- Pierre LELONG
Prevalence, distribution and etiology of fibropapillomatosis in immature green turtles (Chelonia mydas) of the West Indies
The fibropapillomatosis (FP) is a deadly neoplastic disease recorded in all of the seven sea turtle species but is more frequently observed in green turtles. At the first stages, this disease is characterized by external tumors on soft tissues but could evolve in internal tumors, blood parameter and behavior disorder which could potentially lead to the death of the animal. The Chelonid Herpesvirus 5 (ChHV5) has been frequently associated to FP tumors and could be an aetiologic agent of the disease.
The recent increasing in FP prevalence despite a million years coexistence between turtles and ChHV5 suggests a significant role played by environmental cofactors. FP is frequently associated with pollution of coastal waters close to human activity. Metallic contaminants, persistent organic pollutants and eutrophication associated with a high rate of arginine in sea turtle foraging resources are suspected to facilitate the turtle sensibility to FP.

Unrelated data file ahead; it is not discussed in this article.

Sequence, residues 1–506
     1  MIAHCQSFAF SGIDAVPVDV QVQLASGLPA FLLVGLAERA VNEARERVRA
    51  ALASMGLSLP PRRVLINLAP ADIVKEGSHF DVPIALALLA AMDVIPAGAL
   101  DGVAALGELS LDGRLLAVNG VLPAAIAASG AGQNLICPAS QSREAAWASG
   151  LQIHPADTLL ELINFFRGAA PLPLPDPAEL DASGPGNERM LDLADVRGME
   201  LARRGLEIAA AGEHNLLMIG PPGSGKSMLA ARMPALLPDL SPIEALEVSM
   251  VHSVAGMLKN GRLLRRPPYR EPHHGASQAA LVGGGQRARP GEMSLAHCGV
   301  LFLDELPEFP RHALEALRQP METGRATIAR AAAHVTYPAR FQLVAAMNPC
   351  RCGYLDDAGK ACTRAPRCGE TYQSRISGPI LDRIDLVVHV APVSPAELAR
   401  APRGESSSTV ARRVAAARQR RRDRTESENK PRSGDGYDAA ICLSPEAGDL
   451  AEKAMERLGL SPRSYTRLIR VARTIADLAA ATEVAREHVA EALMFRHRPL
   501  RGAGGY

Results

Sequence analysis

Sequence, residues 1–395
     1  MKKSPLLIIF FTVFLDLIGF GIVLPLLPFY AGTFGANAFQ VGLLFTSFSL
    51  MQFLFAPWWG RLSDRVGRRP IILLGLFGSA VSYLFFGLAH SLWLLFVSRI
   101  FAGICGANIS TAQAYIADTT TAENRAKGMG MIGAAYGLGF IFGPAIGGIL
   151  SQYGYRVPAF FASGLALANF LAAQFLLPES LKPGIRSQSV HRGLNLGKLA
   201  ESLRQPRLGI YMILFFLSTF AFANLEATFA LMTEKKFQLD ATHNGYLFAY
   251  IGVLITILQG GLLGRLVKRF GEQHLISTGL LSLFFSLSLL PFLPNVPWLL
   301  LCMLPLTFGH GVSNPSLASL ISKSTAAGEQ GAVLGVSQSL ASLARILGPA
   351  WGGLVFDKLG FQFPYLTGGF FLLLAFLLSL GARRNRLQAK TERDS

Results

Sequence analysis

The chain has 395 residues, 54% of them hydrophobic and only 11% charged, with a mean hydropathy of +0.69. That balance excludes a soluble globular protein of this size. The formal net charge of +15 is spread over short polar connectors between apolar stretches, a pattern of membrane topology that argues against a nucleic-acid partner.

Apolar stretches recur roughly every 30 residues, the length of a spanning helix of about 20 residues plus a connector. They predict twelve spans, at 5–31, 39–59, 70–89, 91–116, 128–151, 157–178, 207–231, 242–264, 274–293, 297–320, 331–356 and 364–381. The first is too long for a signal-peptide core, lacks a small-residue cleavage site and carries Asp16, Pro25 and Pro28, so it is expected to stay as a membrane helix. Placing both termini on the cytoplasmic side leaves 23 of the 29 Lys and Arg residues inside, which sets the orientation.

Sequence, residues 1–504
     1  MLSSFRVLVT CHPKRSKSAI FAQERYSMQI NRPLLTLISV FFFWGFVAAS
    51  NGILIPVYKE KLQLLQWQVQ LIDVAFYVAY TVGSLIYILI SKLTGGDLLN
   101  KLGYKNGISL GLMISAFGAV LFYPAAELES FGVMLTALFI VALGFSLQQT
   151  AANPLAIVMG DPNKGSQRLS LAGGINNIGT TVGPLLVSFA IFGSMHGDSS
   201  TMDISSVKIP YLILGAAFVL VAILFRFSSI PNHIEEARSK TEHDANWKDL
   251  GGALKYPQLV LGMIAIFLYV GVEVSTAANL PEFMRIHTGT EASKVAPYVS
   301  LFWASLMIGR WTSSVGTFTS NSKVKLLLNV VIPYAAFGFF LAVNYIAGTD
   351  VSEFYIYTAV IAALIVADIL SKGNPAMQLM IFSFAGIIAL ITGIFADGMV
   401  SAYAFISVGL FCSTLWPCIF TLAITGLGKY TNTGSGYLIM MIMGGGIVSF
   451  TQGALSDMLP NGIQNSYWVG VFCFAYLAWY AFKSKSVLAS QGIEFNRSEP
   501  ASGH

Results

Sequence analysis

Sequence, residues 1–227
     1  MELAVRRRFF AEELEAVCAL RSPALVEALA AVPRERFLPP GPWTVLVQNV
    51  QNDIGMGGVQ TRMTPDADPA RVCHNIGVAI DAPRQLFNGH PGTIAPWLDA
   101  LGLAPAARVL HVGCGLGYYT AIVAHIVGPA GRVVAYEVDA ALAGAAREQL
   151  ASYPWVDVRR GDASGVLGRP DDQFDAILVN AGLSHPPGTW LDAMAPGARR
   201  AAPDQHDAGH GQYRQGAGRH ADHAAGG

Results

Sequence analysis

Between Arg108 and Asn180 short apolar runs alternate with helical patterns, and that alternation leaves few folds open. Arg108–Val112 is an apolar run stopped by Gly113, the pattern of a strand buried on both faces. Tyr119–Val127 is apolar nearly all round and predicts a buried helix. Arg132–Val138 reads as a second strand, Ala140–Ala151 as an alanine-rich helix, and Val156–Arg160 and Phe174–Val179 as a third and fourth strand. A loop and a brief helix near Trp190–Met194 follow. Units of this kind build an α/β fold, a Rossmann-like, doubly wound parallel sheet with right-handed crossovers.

The aim of this PhD is to provide knowledges on 1) the proportion of green turtles with FP clinical signs in the population studied and on the triggering factors of the disease, on 2) the genetic variations of ChHV5 between geographic locality and their implications on the etiology and symptomatology of the disease, and on 3) the demographic, physiological and behavioral consequences of the disease on green turtles.